International Court of Justice orders US to compensate Iran for frozen assets

The International Court of Justice (ICJ) Thursday ruled that the US violated a 1955 treaty with Iran by freezing Iranian assets to fulfill terrorism-related awards from the US. In Islamic Republic of Iran v. United States of America, the court ordered the US to compensate Iran in a binding judgment, however, the court has not yet decided the amount of compensation to be awarded.

Fundamental to Thursday’s ruling is an understanding of the Treaty of Amity, Economic Relations and Consular Rights, which the US and Iran signed in 1955. The treaty aimed to normalize social and commercial relations between the two countries. While the US formally withdrew from the treaty in 2018, the ICJ found that the disputed actions in Thursday’s case occurred while the treaty was still in force. Therefore the court still considered the treaty’s provisions. 

Iran brought the case before the ICJ in 2016 alleging a series of treaty violations dating back to 2002. Since 2002, the US has adopted and amended various congressional measures to pursue action against Iran. Included among them were the Terrorism Risk Insurance Act (TRIA) and the Foreign Sovereign Immunities Act (FSIA). TRIA and FSIA built off of each other. Together, the two acts compensated Americans who received judicial awards against someone associated with an “act of terrorism” or someone designated as a “terrorist party” by the US government.

In a series of US court cases, Americans were awarded judicial decisions that ordered Iranian companies to attach, execute, turnover or distribute their assets to satisfy the award. The issue was then further compounded when former President Barack Obama signed Executive Order (EO) 13599 in 2012. The order blocked the transfer, payment, exportation, withdrawal and all other dealings in any Iranian-owned property within the US.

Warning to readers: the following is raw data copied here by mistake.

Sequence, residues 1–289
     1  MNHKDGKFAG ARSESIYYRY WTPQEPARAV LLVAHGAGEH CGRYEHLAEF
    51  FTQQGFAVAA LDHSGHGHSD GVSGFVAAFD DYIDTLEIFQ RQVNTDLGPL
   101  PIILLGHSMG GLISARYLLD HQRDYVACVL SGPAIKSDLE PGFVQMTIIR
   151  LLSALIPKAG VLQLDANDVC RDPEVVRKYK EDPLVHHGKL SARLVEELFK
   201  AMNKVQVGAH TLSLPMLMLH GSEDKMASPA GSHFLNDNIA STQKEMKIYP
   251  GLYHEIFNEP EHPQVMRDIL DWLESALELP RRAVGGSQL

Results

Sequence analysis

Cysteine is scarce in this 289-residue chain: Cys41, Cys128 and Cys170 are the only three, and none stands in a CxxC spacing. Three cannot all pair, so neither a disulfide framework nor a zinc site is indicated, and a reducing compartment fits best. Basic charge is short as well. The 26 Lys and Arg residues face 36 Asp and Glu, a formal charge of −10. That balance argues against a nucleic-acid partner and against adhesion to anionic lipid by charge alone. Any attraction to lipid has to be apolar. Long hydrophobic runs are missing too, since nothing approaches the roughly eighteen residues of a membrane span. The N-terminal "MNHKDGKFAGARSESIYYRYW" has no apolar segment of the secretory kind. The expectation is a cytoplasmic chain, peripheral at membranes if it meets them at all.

Iran argued to the ICJ that as a result of the TRIA, FSIA and EO 13599, Iran was “deprived of the rights they enjoyed under the Treaty of Amity.” The US countered by arguing that the measures were designed to “provide redress for victims of terrorism.” According to the US, Iran did not have clean hands, since they participated and furthered “state-sponsored” terrorism. Along that same vein, the US also said that the measures did not uniquely apply to Iran, as TRIA and FSIA apply to “all designated State sponsors of terrorism.” Iran, however, said that while the US’s reasoning may explain some of the measures, it did not explain the US’s attack on Iranian enterprises engaged in commercial activities.

The court agreed with Iran. They found that the US violated several provisions of the treaty in enacting and enforcing the TRIA, FSIA and EO 13599. As a result, the court ordered the US to compensate Iran “for the injurious consequences of the violations.” The court said it will determine the amount of compensation owed to Iran at a later date.

ICJ judgments are legally binding. However, the court has no means of enforcing them. Previously, both the US and Iran have ignored the court’s judgments.